Q&A with Michelle Wong-Halabi
Michelle Wong-Halabi is in the firm’s Corporate Department where she focuses her practice on estate planning and wealth preservation as well as sports law.
Describe a pivotal moment that influenced your career path.
Moving to Columbus was probably the biggest game changer for my career path. When I started my career in California, I was in my home town where I had long established relationships and connections. There was little emphasis on expanding my network. But relocating to a new state where I had absolutely zero contacts forced me to re-evaluate the importance of networking and business development. I became very intentional about my networking efforts and engaged in community activism, taking on leadership roles and board positions that I would have previously declined. That effort has opened many doors over the course of my career.
What advice do you wish you could give your younger self, just starting out in the legal field?
I wish I could have told myself, “Learn from the example of others but don’t be afraid to do it your way.” As attorneys, we like precedents but what worked for some will not work for all. It took me a while to learn that the path to my success is of my own design. Being different and having my own point of view is an asset, even if it might contradict a more traditional approach. I would also tell myself to accept change. Not only is it inevitable, but it also makes room for growth.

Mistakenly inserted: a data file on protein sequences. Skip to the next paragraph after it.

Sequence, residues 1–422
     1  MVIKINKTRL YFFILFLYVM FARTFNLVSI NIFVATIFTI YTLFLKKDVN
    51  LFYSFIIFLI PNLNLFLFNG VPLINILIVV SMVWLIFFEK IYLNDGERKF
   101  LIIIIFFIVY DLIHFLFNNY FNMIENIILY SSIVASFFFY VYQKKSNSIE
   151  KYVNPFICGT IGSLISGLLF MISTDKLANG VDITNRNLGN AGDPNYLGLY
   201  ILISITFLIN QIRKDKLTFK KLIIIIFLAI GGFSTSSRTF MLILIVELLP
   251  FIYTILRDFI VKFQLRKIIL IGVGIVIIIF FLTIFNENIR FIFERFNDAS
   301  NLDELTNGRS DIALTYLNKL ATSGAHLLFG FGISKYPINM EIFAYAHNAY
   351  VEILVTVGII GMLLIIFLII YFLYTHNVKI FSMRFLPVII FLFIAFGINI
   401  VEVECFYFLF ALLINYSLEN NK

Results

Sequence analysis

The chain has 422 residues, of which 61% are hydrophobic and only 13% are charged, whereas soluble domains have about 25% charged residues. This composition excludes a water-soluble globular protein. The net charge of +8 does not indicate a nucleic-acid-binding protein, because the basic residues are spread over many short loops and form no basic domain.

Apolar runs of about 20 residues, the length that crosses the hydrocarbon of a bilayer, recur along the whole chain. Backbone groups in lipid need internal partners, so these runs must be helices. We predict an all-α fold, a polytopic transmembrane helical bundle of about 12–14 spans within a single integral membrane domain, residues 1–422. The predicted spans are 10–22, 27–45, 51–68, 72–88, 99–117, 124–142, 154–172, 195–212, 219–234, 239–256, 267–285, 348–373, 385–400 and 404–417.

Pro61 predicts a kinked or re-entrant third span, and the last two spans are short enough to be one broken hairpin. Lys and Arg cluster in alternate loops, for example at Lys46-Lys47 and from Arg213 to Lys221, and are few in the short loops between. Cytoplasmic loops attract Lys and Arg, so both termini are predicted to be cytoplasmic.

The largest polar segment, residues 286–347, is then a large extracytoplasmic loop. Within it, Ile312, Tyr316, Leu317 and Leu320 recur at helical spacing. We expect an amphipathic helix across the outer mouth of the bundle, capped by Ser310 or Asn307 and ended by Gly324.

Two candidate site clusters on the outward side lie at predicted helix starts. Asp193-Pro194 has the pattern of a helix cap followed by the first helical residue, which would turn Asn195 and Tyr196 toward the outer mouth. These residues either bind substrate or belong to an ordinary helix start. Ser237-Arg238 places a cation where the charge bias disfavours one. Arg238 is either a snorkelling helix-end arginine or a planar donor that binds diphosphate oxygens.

How has your previous experience helped you in your current role at Porter Wright?
Prior to my life as an attorney, I spent many years working in one of several family businesses. Whether it was the insurance agency, real estate office, or the local racquet and swim club, I was often put in client-facing roles and was responsible for all customer service issues. That was pretty uncomfortable for me, especially if someone was misdirecting their frustrations towards me due to another person’s actions. But I learned important life skills such as empathy, listening for the underlying issues, identifying solutions, communicating strategies and tactfully delivering difficult news. Those lessons have served me well in my career and continue to help me in my practice.
If you could have dinner with anyone, dead or alive, who would he/she be and why?
I like to surround myself with positivity so Jonathan Van Ness is an obvious choice, although any member of the Fab 5 would make excellent company. Not only is Jonathan an outspoken advocate for the LGBTQ+ community, I like that he is fearlessly authentic, unapologetically unique and a dynamic agent for change. It would be impossible to leave that dinner uninspired.
Complete the sentence: “If I wasn’t an attorney, I would be a…”
Pastry chef. How can anyone be unhappy when surrounded by sugar, butter and chocolate all day?